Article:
The Jakarta Post
National flag carrier Garuda Indonesia booked a net loss of US$120 million in the first quarter of this year, in stark contrast to profitability achieved last year, as the COVID-19 pandemic hit travel-related industries hard.
The publicly listed airline saw a 30 percent year-on-year slump in revenue to US$768.12 million in the first quarter from $1.1 billion in the same period last year. As a consequence, it booked a $120 million loss compared to $20.48 million profit in the January-March period of 2019.
“This industry is indeed a very tough industry. We are talking about a single-digit margin. So, when a disruption happens, the implication to our bottom line, cash-wise, is immediate and drastic,” Garuda Indonesia president director Irfan Setiaputra said on Wednesday during Inventure’s Indonesia Brand Forum 2020 webinar.
The company’s biggest revenue-generating operations, which is its scheduled airline services, booked 29.23 percent less income in the first quarter at $654.53 million, down from $924.93 million.
The company’s expenses, on the other hand, had not fallen as drastically. Its total operating expenses, which include costs for flight operations, maintenance and repairs, dropped by 9.92 percent to $945.71 million from $1.05 billion.
Irfan explained, that despite a slight improvement in airline traffic in recent weeks following the easing of travel restrictions, the number of passengers was still down 90 percent, while 70 percent of its aircraft remained grounded.
The coronavirus outbreak has devastated the aviation industry. The share of the world’s gross domestic product (GDP) spent on air transportation is expected to be halved in 2020 at 0.5 percent of the global GDP or $434 billion, according to an International Air Transport Association (IATA) report released on June 9.
As the number of airline passengers has plunged, airlines are forced into reducing flight routes and pursuing other measures to cut costs.
“Passenger revenue contributes more than 80 percent of Garuda Indonesia’s total revenue. With the decline in traffic, there needs to be a strategy to reduce the flight variable costs,” the company wrote in a statement published by Indonesia Stock Exchange (IDX) on May 29.
According to the statement, written in response to the local bourse’s request from May 12 for information regarding the impact of the pandemic, the company continued to reduce flight routes, both domestic and international.
Operations on international routes to the Middle East and China have been halted until further notice. Services on other international routes have been cut to around 60 percent to 80 percent against normal flight frequency.
In a revised statement the company issued on June 15, Garuda reported it had laid off 18 employees due to the pandemic, while 825 were furloughed as of March 31.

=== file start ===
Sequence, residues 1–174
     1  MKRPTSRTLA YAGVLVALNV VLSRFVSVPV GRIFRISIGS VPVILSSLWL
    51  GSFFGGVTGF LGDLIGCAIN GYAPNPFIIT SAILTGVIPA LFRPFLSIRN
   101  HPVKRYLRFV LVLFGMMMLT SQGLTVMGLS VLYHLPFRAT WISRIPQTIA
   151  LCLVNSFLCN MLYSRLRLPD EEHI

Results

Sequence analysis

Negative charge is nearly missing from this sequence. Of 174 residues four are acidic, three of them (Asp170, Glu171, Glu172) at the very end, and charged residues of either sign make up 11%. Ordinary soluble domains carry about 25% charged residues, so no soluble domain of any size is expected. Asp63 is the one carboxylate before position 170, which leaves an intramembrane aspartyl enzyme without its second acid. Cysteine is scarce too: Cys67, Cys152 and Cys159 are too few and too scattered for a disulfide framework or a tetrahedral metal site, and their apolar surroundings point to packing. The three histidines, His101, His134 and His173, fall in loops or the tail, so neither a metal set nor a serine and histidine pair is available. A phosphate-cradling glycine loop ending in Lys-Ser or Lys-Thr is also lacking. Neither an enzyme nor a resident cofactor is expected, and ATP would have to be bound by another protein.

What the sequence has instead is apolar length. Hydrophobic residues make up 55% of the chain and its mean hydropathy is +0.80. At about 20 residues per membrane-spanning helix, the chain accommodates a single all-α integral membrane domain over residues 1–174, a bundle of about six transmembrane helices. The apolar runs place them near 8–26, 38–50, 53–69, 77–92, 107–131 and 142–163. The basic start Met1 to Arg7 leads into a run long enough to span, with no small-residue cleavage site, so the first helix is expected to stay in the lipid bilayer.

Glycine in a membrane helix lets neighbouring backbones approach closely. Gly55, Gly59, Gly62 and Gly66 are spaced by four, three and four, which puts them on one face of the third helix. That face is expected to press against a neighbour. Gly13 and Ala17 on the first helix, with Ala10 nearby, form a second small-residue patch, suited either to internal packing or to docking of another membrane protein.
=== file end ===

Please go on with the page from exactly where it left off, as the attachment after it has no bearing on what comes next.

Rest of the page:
Meanwhile, Garuda Pilot Association (APG) chairperson Muzaeni told The Jakarta Post on June 2 that the airline had terminated the contracts of 180 pilots as a result of the cutbacks on flights.
In an annual general shareholders meeting on June 5, Garuda shareholders agreed to fully utilize its 2019 net profit of US$6.98 million as the company’s reserved funds. Last year was the first time the company managed to booked profits after booking losses for two consecutive years — with net losses of $231.16 million in 2018 and $216.28 million in 2017.
This year, however, analysts predict that COVID-19 will cause the company to suffer another net loss.
“We firmly believe that the sluggish figures for March 2020 are not the end but, rather, the beginning,” Mirae Asset Sekuritas Indonesia analysts Lee Young-jun wrote in a report published on May 18.
“The management is trying to focus on cargo business and chartered flights while increasing efficiencies and lowering costs. However, none of these are effective and easy to make up [for] the losses,” he added.
Going into the third quarter of the year, the postponement, or even cancellations, of haj fights will be the biggest risk factor for the airline, as these flights contributed about 5 percent to the company’s revenue in 2019, the analyst’s report says. On June 2, the Indonesian government officially announced that it had decided to cancel the 2020 haj.
The airline’s stock, traded on the IDX under the ticker code GIAA, has lost about half of its value since the start of the year and closed at Rp 244 per share on Friday. That compares with the benchmark Jakarta Composite Index’s 21 percent drop so far this year.
“Financially, 2020 will go down as the worst year in the history of aviation. On average, every day of this year will add US$230 million to industry losses,” IATA director general and CEO Alexandre de Juniac said in a statement published on June 9. The IATA reports that airlines are expected to lose $84.3 billion this year.